Where to start:

Shadowed Dreams: Women’s Poetry of the Harlem Renaissance

Black Sister: Poetry by African-American Women 1746-1980

Rasheed Newson

If you don’t know the multi-talented Rasheed Newson from his work on series like Bel-Air and The Chi…what are you doing! The showrunner, producer and writer keeps busy by bringing Black queer stories to life onscreen and on the page. When asked by INTO’s Joshua Mackey about his 2022 debut novel My Government Means to Kill Me, Newson explained that he wanted to use the book to explore his own relationship to queer Black history: “I think probably every Black person has wondered, “What would I do during the Civil Rights Movement? What kind of person would I have been? Would I’ve been on the front lines? Would I have marched?” I applied that to being Black and gay and thought about the height of the AIDS epidemic, the creation of Act Up, and just sort of imagining what it would have been like to be in New York City during that time period.”

Where to start:

My Government Means to Kill Me

Alice Walker

Alice Walker’s 1982 epic The Color Purple gave readers a story of heartache, strife, pain, and ultimate triumph by telling the story of Celie, a young Black girl growing up in Georgia during a time when women were seen as only being fit to raise children and run a house, and wives were only seen as their husband’s property. Celie gets by thanks, in part, to her love for her fellow Black women, and Walker has been open about her own relationships with other Black lesbians, including a highly publicized relationship with the one and only Tracy Chapman.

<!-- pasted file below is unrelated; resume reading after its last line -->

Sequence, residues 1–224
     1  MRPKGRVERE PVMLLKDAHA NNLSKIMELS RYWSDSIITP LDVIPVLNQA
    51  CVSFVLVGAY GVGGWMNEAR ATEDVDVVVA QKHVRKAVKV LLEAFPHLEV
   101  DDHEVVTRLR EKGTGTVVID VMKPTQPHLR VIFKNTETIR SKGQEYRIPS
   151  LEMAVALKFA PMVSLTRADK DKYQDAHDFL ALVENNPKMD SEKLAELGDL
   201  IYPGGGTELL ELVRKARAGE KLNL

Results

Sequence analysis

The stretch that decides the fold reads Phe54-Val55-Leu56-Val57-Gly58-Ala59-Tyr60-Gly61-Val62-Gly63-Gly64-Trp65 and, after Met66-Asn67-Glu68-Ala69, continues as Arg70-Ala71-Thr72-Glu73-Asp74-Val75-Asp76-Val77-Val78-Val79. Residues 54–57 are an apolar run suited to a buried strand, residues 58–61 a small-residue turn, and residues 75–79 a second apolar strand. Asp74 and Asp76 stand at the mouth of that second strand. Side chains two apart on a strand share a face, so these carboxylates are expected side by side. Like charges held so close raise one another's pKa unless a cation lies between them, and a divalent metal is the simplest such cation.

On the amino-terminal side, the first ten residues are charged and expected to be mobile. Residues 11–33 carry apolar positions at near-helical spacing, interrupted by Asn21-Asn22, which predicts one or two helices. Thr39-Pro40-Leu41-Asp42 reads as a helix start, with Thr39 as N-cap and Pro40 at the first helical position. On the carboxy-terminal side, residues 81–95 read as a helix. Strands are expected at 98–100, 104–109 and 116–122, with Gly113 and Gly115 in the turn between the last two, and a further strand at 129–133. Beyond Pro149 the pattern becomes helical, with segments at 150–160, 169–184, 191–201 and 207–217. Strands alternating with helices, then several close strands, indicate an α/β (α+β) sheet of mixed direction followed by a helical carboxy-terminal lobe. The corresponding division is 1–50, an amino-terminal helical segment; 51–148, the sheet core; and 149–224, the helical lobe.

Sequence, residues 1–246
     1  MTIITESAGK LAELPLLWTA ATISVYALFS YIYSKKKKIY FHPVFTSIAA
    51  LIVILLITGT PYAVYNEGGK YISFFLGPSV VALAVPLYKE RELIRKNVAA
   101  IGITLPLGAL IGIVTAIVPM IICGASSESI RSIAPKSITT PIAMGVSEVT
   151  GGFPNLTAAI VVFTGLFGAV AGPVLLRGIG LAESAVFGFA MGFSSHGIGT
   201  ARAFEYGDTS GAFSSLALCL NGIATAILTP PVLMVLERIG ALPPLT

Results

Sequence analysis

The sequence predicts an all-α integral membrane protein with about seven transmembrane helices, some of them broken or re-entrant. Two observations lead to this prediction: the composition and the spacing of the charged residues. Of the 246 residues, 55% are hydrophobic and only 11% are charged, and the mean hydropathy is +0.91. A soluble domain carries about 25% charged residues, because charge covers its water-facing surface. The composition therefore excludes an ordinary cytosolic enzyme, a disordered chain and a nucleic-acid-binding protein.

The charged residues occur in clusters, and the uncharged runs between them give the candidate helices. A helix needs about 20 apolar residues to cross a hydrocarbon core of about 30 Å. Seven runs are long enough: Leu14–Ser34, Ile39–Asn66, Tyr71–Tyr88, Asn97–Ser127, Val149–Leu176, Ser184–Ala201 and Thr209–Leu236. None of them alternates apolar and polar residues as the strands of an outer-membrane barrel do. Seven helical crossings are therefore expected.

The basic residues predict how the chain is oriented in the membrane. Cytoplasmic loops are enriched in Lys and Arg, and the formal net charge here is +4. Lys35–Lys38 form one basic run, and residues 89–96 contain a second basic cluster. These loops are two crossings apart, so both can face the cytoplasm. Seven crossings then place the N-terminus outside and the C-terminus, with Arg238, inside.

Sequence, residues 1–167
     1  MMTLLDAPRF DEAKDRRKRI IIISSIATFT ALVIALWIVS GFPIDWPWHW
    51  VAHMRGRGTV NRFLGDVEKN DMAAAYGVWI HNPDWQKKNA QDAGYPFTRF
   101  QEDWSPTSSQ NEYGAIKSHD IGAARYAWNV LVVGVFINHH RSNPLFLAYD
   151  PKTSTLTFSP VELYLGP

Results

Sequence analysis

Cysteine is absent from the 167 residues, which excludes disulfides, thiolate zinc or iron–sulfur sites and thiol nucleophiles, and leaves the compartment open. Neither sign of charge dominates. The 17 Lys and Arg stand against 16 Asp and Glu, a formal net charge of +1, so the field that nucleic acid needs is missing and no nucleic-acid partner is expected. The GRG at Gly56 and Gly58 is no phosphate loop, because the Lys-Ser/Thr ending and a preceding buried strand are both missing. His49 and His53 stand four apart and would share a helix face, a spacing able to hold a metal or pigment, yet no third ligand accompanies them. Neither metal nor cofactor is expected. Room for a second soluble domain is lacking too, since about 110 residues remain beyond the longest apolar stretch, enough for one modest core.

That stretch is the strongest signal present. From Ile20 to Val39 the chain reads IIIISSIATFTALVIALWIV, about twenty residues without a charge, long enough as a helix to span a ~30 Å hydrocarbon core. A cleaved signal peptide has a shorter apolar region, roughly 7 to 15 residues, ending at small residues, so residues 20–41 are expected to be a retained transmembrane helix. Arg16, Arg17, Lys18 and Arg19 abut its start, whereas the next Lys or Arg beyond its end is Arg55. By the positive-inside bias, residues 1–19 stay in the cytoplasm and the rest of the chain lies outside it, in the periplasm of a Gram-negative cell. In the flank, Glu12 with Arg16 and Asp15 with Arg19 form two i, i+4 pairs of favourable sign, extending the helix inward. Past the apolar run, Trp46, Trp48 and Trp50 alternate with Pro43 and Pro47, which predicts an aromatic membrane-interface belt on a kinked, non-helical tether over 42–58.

Where to start:

The Color Purple

The Complete Stories

George M. Johnson

George M. Johnson’s 2020 debut novel All Boys Aren’t Blue is a book so powerful that conservatives still have to go out of their way to try and get it banned from schools. Good luck with that, because everyone who’s read Boys has fallen in love with Black nonbinary author Johnson’s tale of a painful, troubled adolescence. The book’s high-profile fans include legendary author Toni Morrison and actress/producer/supermom/powerhouse Gabrielle Union-Wade, who is currently adapting Boys into a forthcoming TV series.

Where to start:

All Boys Aren’t Blue

We Are Not Broken

Anita Cornwell

One of Philly’s most iconic Black lesbian writers, Anita Cornwell literally wrote the book on intersectional feminism. Her 1980 collection Black Lesbian in White America, while it remains lamentably out of print, stands as a testament to the power of Black women’s stories. Cornwell died last year at the age of 99, but through her stories and essays, readers can take in the radical beauty of a world where Black lesbians create their own communities and find joy without compromise.

Where to start:

Black Lesbian in White America

Samuel R. Delany

Sci-fi titan Samuel R. Delany not only gave us stories about nonbinary aliens and Black gay utopias on other planets, he kept a scintillating diary of his time as a young queer writer in New York with 1988’s The Motion of Light in Water. Delany’s knack for keen observation and pulling apart society’s assumptions of “normal” has made him an influential favorite in the spec fic and sci-fi community for decades.

Where to start:

Stars in My Pocket Like Grains of Sand

The Motion of Light in Water